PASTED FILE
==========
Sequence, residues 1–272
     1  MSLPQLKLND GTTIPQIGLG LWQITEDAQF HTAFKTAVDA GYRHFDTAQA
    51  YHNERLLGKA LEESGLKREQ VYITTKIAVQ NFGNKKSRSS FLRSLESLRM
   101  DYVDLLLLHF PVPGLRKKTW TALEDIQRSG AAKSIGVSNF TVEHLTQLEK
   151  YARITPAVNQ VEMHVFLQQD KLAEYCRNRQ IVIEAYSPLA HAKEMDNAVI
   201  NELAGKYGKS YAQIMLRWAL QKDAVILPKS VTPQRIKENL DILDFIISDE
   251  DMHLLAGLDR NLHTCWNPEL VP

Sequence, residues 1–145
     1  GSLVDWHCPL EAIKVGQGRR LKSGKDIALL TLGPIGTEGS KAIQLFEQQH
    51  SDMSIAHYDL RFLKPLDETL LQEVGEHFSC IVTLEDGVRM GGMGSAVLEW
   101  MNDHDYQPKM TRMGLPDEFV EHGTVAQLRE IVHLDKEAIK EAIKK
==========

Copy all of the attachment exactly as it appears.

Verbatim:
Sequence, residues 1–272
     1  MSLPQLKLND GTTIPQIGLG LWQITEDAQF HTAFKTAVDA GYRHFDTAQA
    51  YHNERLLGKA LEESGLKREQ VYITTKIAVQ NFGNKKSRSS FLRSLESLRM
   101  DYVDLLLLHF PVPGLRKKTW TALEDIQRSG AAKSIGVSNF TVEHLTQLEK
   151  YARITPAVNQ VEMHVFLQQD KLAEYCRNRQ IVIEAYSPLA HAKEMDNAVI
   201  NELAGKYGKS YAQIMLRWAL QKDAVILPKS VTPQRIKENL DILDFIISDE
   251  DMHLLAGLDR NLHTCWNPEL VP

Sequence, residues 1–145
     1  GSLVDWHCPL EAIKVGQGRR LKSGKDIALL TLGPIGTEGS KAIQLFEQQH
    51  SDMSIAHYDL RFLKPLDETL LQEVGEHFSC IVTLEDGVRM GGMGSAVLEW
   101  MNDHDYQPKM TRMGLPDEFV EHGTVAQLRE IVHLDKEAIK EAIKK